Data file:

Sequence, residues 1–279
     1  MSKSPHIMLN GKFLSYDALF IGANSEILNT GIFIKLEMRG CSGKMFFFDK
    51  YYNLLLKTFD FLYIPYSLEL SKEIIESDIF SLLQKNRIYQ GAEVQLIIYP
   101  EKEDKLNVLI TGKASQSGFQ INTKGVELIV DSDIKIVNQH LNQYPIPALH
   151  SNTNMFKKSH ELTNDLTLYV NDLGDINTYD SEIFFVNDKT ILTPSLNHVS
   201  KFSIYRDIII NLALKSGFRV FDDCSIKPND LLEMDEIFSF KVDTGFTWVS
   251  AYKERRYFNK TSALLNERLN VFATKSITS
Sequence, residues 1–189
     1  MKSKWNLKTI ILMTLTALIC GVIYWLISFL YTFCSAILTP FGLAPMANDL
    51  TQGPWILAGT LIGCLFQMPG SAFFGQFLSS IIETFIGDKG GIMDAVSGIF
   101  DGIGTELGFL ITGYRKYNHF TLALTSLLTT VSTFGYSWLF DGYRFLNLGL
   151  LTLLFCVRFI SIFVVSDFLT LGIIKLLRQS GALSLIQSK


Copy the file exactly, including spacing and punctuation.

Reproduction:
Sequence, residues 1–279
     1  MSKSPHIMLN GKFLSYDALF IGANSEILNT GIFIKLEMRG CSGKMFFFDK
    51  YYNLLLKTFD FLYIPYSLEL SKEIIESDIF SLLQKNRIYQ GAEVQLIIYP
   101  EKEDKLNVLI TGKASQSGFQ INTKGVELIV DSDIKIVNQH LNQYPIPALH
   151  SNTNMFKKSH ELTNDLTLYV NDLGDINTYD SEIFFVNDKT ILTPSLNHVS
   201  KFSIYRDIII NLALKSGFRV FDDCSIKPND LLEMDEIFSF KVDTGFTWVS
   251  AYKERRYFNK TSALLNERLN VFATKSITS
Sequence, residues 1–189
     1  MKSKWNLKTI ILMTLTALIC GVIYWLISFL YTFCSAILTP FGLAPMANDL
    51  TQGPWILAGT LIGCLFQMPG SAFFGQFLSS IIETFIGDKG GIMDAVSGIF
   101  DGIGTELGFL ITGYRKYNHF TLALTSLLTT VSTFGYSWLF DGYRFLNLGL
   151  LTLLFCVRFI SIFVVSDFLT LGIIKLLRQS GALSLIQSK